The disciplining of rebellious angels is outside Michael’s responsibility, but he becomes aware, as they all do, that Anael is—resilient. He doesn’t question her loss, but he regrets it; if she had remained loyal she would have been a formidable warrior for the Lord in the coming battle. As it is, it remains only to ensure that, since they can’t have her, neither can Lucifer.
She will repent before she is destroyed, and Michael has faith in the abilities of the ones seeking to purify her.
He looks in on her, twice: the first time when she has been here for what would be a little less than five months on Earth. Space shifts around him unexpectedly as time slows, and he feels the memory of his most recent vessel settle over him as Anael lifts Anna Milton’s face from the floor and spits blood across his feet.
“I could smite you now,” he says.
“You won’t.” Her voice drags mortal-low, unmelodic and grating, thickened with the blood she shouldn’t have here. She looks up at him; it’s visible through her skin that she knows they can’t risk it and doesn’t care if they do.
As he leaves the place where she is being held the press of human perception releases him.
He goes back again a little while later, curious, and finds her a fierce and blazing light, Grace spurting raggedly from the coils of her being, and when she cries out her voice is high and fine and pure as sphere-music.
When she escapes, even after everything, it’s a surprise. It is still not Michael’s duty to go after her, so he doesn’t—and then the vessels are in danger, and he feels the free unfettered wrongness of Anna’s tattered and scarred Grace by them.
John Winchester is not his true vessel, but he can be—useful. Michael says, “Your wife is going to die, and your son with her, if you don’t let me help.”
“Please,” John gasps. Here is the man who will sell his soul unflinchingly, years later, for that same son’s life.
“I need you to let me use your body, just for a few minutes.” John can hear the voices of angels; Michael makes his tone honey-sweet, mead-soothing. “Say yes, and I’ll fix everything.”
He is too small for Michael, imperfectly-fitting; he is a man, in the grander scheme of things, as clean and good as the first rainfall over Eden. Michael is an angel, and perfect as no human can ever be, but John Winchester’s soul is smooth against his Grace in a way that is—unsettling; it slides, and leaves him nothing to hold to. John fails to understand the love which is obligation, or the paths away from mercy which duty demands good sons tread.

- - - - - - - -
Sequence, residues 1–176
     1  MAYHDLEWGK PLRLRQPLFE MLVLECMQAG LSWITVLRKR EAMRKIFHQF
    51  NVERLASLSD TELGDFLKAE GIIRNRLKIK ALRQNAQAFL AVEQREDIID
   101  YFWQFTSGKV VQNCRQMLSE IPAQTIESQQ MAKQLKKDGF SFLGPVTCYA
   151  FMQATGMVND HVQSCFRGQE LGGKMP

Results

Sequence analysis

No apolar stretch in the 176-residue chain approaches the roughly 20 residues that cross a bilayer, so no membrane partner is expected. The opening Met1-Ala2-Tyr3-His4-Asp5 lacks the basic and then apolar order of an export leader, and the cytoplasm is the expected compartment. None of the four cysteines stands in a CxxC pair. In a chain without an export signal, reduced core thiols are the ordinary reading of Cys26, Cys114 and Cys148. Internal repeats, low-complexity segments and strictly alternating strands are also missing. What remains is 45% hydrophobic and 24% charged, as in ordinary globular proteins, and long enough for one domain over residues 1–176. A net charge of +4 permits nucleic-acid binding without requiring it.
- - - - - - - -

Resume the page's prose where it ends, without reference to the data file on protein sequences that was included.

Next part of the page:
If he had more time, Michael would drag Anna back to heaven until they know how she escaped, but Sam Winchester is bleeding to death on the floor and the Dean Winchester of this century is in grave danger with every second the struggle between Anna and Mary continues.
Anna looks at him with fear—wide-eyed, open-mouthed, her vessel’s reactions a perfect and effortless match for her emotions—and he doesn’t hesitate to greet her as Anna, not Anael. She lost the right to that name when she used Anna to protect herself.
He doesn’t hesitate, either, to reach out and burn her. She is brilliance right now, still a warrior, a commander, but all her reckless broken devotion is no more Lucifer’s than it is their Father’s. She serves humanity, and the love of it she has is defiance screaming beneath her human skin.
What was once Anael burns first; he starts the fire at the base of her wings. They burn still crumpled invisibly within the vessel, and the smell of lightning and ancient spices fills the room. Fire streams from her eyes, blue-hot, and then the vessel’s flesh catches.
John Winchester thinks of cooking meat, and hates himself for it.
Anna is gone in another moment, and there is Uriel’s contrition and Mary’s fear and Dean’s defiance to endure. Dean will be a much better fit than his father, Michael thinks; he has the understanding of the world that John lacks. Lacked? His soul fits more easily against Michael now, almost shaping itself to fit, as if he’s learned something of the complexity of love and the workings of the world.
He is careful, as he leaves John, not to burn him out as it’s easier to do than not. Heaven still needs him: to father Sam, to raise his sons to be the men they will become.